Free For All
GALLERY HOURS (during exhibitions)
Thursday & Friday, 11am – 4pm
EDU BLOG
A common theme throughout Moon’s collection is a juxtaposition of American and East Asian cultures. As the essay points out, the work may appear to be Asian yet is focused on America. A prime example of this is the use of fortune cookies, something people frequently associate with Chinese food, yet rarely appears outside of the United States. In her work, it seems she examines American projections and assumptions of exoticism by taking common tropes, such as the Chinese takeout box and the fortune cookie, and using those as a medium and a vehicle to display Korean folklore and symbolism. 
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Dr. Fahamu Pecou, an Atlanta based artist who focuses on the Black male in America, speaks to the notion of home through his grav·i·ty series (2013-2014). Pecou encourages the viewer to reflect upon fashion as an art form and how it connects with Black American culture. Additionally, with the artistic use of dress and style, one can express their character, culture, and history. In other words, dress can represent a piece of home.
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Birds, women, symbols of celebration, symbols of Chinese communism and at its core an uncertainty involving one’s self. Hung Liu’s work defies time with clashes of China’s rapid modernisation and desperate push against the past. Depictions of traditional Chinese art and culture are juxtaposed with bright slashes of red - a symbol of celebration in China and yet a harsh reminder of the communist rule and the bloodshed during the Civil War that displaced Liu. 
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Wrote the poet John Ashbery, “The room I entered was a dream of this room. / Surely all those feet on the sofa were mine.” It is this uncanny merging of past and present, this sense of déjà vu, that lends Tanja Softić’s Night Blooms series its unique power. In Softić’s work, present and future grow out of the past: remnants of previous eras are visible everywhere, memory mixes with present experience, and the motion of time is not linear, but a series of superimpositions. Should we dig through the new growth of any present, or any budding future, we will find a past beneath it: a past, for Softić, that contains the memory of a lost homeland.
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For the 2019 exhibition Linked, the Halsey Institute commissioned a short film on artist Colin Quashie. Madeleine Mitchell introduces it here.
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For her 2019 exhibition, Over There and Here is Me and Me, Katrina Andry used for research a report called The State of Racial Disparities in Charleston County, South Carolina 2000-2015, written by Dr. Stacey Patton for the Race and Social Justice Initiative at the College of Charleston. Anna Crowley profiles it here.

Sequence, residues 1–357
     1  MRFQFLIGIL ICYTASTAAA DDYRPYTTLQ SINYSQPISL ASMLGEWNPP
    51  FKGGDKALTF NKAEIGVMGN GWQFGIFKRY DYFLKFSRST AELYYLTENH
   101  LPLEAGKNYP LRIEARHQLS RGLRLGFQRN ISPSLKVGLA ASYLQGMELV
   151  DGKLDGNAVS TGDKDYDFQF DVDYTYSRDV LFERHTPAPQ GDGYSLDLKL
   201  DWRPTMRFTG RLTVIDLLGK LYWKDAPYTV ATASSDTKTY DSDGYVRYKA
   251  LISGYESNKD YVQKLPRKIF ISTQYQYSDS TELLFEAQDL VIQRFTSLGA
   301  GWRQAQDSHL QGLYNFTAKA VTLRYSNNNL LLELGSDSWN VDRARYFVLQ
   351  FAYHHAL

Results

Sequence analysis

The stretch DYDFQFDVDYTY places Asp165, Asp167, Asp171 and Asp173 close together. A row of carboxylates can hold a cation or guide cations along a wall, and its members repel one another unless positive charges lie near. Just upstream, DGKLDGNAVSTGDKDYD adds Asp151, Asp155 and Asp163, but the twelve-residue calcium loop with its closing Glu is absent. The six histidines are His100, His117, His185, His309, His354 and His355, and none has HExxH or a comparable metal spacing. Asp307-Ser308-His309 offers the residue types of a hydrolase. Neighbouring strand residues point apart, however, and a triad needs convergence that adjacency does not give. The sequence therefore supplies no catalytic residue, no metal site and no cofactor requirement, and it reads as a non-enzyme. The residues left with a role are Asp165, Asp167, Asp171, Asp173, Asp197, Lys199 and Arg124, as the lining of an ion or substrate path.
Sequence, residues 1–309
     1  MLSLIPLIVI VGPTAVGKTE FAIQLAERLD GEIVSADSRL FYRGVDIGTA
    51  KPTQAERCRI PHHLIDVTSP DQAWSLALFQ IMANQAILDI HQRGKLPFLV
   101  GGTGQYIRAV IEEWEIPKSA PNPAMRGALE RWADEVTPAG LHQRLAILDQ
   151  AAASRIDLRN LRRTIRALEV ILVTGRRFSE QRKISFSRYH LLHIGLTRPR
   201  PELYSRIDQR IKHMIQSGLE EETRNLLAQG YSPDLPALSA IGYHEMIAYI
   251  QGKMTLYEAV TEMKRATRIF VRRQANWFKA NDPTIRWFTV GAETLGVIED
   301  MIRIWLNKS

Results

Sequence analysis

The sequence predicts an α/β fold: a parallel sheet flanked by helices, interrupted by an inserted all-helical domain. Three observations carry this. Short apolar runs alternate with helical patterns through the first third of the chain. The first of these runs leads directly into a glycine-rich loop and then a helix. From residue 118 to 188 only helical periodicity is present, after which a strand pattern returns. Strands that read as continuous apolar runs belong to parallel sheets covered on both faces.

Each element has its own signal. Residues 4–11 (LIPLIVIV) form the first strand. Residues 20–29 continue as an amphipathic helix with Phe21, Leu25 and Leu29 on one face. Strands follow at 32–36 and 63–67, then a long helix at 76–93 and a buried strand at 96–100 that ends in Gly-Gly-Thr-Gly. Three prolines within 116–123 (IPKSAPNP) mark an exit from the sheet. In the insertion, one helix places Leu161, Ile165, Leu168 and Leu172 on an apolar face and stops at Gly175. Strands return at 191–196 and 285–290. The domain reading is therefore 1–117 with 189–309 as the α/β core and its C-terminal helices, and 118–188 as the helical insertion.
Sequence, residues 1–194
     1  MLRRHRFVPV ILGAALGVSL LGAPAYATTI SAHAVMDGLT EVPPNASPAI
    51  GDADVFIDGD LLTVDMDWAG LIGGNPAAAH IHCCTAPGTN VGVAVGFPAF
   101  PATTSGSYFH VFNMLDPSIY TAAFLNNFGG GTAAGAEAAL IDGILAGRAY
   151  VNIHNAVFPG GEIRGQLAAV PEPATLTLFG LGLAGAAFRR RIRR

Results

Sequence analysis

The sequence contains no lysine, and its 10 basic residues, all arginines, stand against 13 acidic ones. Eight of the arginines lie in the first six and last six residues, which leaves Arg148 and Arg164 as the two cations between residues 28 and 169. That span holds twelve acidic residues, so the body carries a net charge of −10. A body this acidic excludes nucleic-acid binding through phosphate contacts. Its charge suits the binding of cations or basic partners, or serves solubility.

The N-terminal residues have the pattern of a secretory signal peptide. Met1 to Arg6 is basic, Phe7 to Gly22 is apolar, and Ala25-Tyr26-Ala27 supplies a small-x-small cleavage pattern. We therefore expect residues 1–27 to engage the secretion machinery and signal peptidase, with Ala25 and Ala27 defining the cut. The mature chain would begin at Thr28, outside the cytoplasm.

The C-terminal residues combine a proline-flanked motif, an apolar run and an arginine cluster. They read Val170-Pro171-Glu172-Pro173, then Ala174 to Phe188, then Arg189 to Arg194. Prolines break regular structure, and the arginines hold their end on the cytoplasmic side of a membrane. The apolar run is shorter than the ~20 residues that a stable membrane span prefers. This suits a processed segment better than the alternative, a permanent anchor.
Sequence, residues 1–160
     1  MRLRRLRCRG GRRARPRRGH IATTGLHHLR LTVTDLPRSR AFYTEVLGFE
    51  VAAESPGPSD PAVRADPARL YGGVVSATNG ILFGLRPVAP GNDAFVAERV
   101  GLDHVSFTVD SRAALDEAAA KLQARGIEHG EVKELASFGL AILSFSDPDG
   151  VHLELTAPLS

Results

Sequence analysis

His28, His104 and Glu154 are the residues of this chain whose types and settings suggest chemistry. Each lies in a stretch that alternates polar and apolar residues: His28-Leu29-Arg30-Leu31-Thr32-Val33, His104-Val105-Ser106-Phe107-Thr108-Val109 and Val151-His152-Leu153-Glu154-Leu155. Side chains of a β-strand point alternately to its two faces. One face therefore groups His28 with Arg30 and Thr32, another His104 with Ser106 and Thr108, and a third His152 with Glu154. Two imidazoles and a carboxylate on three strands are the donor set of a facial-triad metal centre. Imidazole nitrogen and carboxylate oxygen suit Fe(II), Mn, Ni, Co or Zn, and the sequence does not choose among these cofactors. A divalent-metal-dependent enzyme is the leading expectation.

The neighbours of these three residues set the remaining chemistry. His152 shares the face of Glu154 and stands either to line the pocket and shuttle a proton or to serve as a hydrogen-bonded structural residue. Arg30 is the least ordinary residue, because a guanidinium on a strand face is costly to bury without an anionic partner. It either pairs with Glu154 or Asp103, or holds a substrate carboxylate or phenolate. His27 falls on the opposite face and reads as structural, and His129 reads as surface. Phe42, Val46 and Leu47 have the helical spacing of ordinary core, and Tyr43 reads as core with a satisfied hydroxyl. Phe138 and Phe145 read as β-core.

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For her 2019 exhibition Cry Joy Park–Gardens of Dark and Light, Jennifer Wen Ma created a series of community dinners called An Invitation to the Feast, held in the exhibition. Madelayne Abel writes about them here.
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This week’s art activity of 10/10—Reflections on a Decade of Exhibitions is the last in this series. We’re taking a closer look at Cry Joy Park—Gardens of Dark and Light, a solo exhibition by artist Jennifer Wen Ma, which examines issues of social justice and the difficulty of reconciling opposing forces in our society. The balance of light and dark reminds us that we need both utopian and dystopian qualities in society. For this simple at-home project, we encourage readers to learn more about the balance of light and dark !
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On Thursday, August 13, we hosted a virtual studio visit with Marc Trujillo on Facebook Live. Check out this blog post to view a recording of it in its entirety.
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An entirely virtual exhibition, 10/10–Reflections on a Decade of Exhibitions celebrates ten years of exhibitions, partnerships, and programs produced in the Halsey Institute of Contemporary Art's current gallery space inside the Marion and Wayland H. Cato Jr. Center for the Arts at the College of Charleston. We are spending summer 2020 taking a look back on the adventurous artists we’ve hosted and projects we’ve produced in that time. Over ten weeks, we will be taking a deep dive into each year, featuring blog posts on exhibitions, interviews with artists, and other explorations into the Halsey Institute’s past.
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Free For All
GALLERY HOURS (during exhibitions)
Thursday & Friday, 11am – 4pm
843.953.4422


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